Welcome to read homilies for the Sundays of the year. These are sample homilies which you can read with devotion. You may use them in your own homilies without asking my permission. You may also change or edit these to fit them to your audience. A unique quality of these homilies is that they are Christ-filled. From beginning to end they present to us some aspect of Jesus so that beholding his glory we “are being transformed from glory to glory into his very image” (2 Corinthians 3:18 NAB).
A Word Not Well Understood
There is a word in our Gospel reading today which we do not well understand. If we really understood it this word would change our life for the better in a way most of us have not even imagined is possible.
We use this word when we say our vocal prayers. It is a kind of marker when we say the Rosary. It tells us the 10 Hail Marys have been recited already. During our Morning and Evening Prayers if we use the Liturgy of the Hours this word tells us that the Psalm or a portion of it has ended. We sing it in the Mass after our confession of guilt and asking for God's mercy. We also sing again or recite it after the prayer following the Our Father in the Mass. We even use it as a name. Many women have this word as their name. The word is "glory" or "gloria".
In the Gospel today John the Evangelist ends the story of the miracle of water turned into wine by saying, "Thus, did he (Jesus) reveal his glory and his disciples believed in him."
Today let us ponder on the glory of Jesus which he revealed by turning the water into wine.
The Greek word in the original gospel which is translated as "glory" is "doxa." Originally in the Greek language doxa means expectation or judgment or opinion. Then it meant good opinion which extended to reputation, praise, honor and our English word glory. In the Greek Old Testament which is also called Septuagint doxa has come to mean visible brightness, splendor, glory.
John the Evangelist is fond of this word. In the beginning of his gospel he tells us, "We have seen his glory, the glory of an only son coming from the Father" (1:14). In the prayer of Jesus found in John, chapter 17, Jesus utters this word 10 times. He asks his father God to give him glory so that he in turn may give glory to his father. Then he affirms that he has given glory to his father. In verse 4 and 5 Jesus says, "I have given you glory on earth by finishing the work you gave me to do. Do you now, Father, give me glory at your side, a glory I had with you before the world began." Then praying for his disciples Jesus says, "I have given them the glory you gave me that they may be one, as we are one" (v. 22).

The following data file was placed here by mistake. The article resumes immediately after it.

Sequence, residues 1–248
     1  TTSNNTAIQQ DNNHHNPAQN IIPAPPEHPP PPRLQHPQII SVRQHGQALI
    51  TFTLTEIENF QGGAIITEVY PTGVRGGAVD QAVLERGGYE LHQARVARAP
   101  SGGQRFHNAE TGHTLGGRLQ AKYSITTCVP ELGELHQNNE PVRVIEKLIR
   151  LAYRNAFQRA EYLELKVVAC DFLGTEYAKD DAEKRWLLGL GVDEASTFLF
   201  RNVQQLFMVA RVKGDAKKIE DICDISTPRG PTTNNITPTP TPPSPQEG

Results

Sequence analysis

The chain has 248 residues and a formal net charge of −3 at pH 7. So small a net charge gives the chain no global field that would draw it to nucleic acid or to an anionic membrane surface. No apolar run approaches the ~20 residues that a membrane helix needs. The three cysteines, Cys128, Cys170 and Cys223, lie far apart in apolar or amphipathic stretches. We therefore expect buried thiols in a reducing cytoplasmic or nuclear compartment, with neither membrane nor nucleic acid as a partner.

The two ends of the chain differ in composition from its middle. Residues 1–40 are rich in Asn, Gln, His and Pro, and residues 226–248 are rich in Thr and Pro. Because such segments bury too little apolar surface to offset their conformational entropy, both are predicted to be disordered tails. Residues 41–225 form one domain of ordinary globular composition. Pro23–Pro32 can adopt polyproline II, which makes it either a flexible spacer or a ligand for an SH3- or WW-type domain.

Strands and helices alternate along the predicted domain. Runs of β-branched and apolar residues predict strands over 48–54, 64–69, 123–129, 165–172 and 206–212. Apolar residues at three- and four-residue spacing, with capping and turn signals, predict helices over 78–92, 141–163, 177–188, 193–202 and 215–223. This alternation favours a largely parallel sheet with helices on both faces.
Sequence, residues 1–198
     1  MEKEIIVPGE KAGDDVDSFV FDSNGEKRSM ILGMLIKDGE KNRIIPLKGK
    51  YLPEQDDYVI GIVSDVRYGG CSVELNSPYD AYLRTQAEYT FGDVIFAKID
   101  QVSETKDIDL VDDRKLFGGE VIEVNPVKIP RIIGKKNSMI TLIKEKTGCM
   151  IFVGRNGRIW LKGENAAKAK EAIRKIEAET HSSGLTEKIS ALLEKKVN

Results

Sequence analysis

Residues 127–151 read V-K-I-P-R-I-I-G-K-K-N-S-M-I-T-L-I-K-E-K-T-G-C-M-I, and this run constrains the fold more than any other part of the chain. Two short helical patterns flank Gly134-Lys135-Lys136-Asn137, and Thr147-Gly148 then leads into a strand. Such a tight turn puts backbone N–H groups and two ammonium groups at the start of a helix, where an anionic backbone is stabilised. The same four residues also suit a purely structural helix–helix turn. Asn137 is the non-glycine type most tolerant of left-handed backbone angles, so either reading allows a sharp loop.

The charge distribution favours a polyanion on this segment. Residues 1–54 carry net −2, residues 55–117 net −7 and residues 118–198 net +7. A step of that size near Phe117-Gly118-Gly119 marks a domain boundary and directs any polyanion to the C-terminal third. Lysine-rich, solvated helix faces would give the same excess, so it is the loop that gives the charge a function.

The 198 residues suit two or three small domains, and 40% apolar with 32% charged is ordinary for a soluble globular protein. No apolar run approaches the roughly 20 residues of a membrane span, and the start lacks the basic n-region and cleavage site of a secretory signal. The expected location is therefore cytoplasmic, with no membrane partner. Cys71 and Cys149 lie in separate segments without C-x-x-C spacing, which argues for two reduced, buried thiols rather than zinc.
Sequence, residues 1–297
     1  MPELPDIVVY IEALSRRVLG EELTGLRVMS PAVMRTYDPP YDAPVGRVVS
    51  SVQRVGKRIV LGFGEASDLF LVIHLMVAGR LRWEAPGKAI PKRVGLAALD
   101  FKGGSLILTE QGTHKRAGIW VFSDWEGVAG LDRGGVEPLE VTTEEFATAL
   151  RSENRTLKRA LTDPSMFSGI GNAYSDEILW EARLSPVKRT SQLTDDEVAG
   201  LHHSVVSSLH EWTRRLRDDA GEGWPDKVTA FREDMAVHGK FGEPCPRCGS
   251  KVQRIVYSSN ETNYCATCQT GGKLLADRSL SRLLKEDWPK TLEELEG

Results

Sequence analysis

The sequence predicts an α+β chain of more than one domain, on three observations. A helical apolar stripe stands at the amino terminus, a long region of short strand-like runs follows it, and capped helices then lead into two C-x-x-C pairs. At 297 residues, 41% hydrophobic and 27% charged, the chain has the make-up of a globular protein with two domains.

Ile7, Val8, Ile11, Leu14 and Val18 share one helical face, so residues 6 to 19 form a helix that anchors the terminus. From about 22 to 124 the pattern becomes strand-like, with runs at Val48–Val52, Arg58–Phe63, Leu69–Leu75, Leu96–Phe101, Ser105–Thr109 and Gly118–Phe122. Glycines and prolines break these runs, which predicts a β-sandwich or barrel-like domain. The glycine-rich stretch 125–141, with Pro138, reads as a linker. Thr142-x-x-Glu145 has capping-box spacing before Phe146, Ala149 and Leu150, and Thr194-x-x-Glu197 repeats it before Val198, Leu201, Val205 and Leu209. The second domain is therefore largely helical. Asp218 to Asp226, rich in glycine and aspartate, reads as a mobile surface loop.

In the book of Revelation which John also wrote it is written "The city (new Jerusalem) had no need of sun or moon, for the glory of God gave it light" (21:23).
This glory then is with God, with Jesus, and Jesus gave it to us. How did Jesus give glory to us? Jesus glorified us by his life, death, resurrection and ascension to heaven. By these mysteries of his life he made us like himself by giving us himself as our life.
One of the favorite themes of Blessed Columba Marmion was Christ our life. And he wrote a book with this title Christ Our Life. Because Jesus is our life we are filled with the glory of God. Most of us do not realize this.
Jesus has glorified us. By his passion and death he took away our sins. By his resurrection he gave us a completely new life. By his ascension he put us in the heavens as Paul the apostle affirms, "Both with and in Christ Jesus he raised us up and gave us a place in the heavens" (Ephesians 2:6).
Our Catechism of the Catholic Church teaches quoting St. Thomas Aquinas 'The only-begotten Son of God, wanting to make us sharers in his divinity, assumed our nature, so that he, made man, might make men gods.' (460) Jesus has given us a share in his divinity so that we are truly like him, divine. This is our glory that we have been made into the image of God himself, thanks to the power and love of Jesus. This is what he meant when he said that he has given his glory to his disciples.
C. S. Lewis was an Anglican lay theologian, a famous writer. He wrote in his book Mere Christianity, "If we let Him (Jesus)--for we can prevent Him, if we choose--He will make the feeblest and filthiest of us into a god or goddess, dazzling, radiant immortal creature, pulsating all through with such energy and joy and wisdom and love as we cannot now imagine, a bright stainless mirror which reflects back to God perfectly (though of course on a smaller scale) his own boundless power and delight and goodness."
This is our glory, the nature of God within us so that we look like God himself, made real and actual by the Spirit of Jesus in our life.
When we say therefore Glory be to God, we are actually saying if we understood this word, "May our life shine with the splendor and beauty and brightness of God so that human beings and other creatures around us wonder and praise God for what God has done in our lives."
Let us bow down our heads to pray.
O glorious Jesus, you have made us glorious like yourself by giving us your glory as you said in your prayer. Make us aware that when we say glory to God it is the beauty, the splendor and the brightness of God in us which glorify you. Thank you for this gift of glory. Amen.